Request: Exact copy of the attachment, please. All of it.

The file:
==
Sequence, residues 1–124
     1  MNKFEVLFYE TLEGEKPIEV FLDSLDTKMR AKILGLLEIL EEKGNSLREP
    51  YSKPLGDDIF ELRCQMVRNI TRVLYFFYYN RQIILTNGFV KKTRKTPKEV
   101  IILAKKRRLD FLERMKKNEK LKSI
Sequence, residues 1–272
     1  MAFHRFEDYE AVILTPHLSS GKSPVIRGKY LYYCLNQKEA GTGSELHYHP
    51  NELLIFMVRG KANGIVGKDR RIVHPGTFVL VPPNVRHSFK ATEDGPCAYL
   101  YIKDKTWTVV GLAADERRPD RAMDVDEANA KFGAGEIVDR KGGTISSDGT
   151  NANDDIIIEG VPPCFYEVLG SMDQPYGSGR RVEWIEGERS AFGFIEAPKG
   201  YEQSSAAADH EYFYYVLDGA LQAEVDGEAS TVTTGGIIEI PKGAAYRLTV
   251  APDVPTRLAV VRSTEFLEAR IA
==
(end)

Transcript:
Sequence, residues 1–124
     1  MNKFEVLFYE TLEGEKPIEV FLDSLDTKMR AKILGLLEIL EEKGNSLREP
    51  YSKPLGDDIF ELRCQMVRNI TRVLYFFYYN RQIILTNGFV KKTRKTPKEV
   101  IILAKKRRLD FLERMKKNEK LKSI
Sequence, residues 1–272
     1  MAFHRFEDYE AVILTPHLSS GKSPVIRGKY LYYCLNQKEA GTGSELHYHP
    51  NELLIFMVRG KANGIVGKDR RIVHPGTFVL VPPNVRHSFK ATEDGPCAYL
   101  YIKDKTWTVV GLAADERRPD RAMDVDEANA KFGAGEIVDR KGGTISSDGT
   151  NANDDIIIEG VPPCFYEVLG SMDQPYGSGR RVEWIEGERS AFGFIEAPKG
   201  YEQSSAAADH EYFYYVLDGA LQAEVDGEAS TVTTGGIIEI PKGAAYRLTV
   251  APDVPTRLAV VRSTEFLEAR IA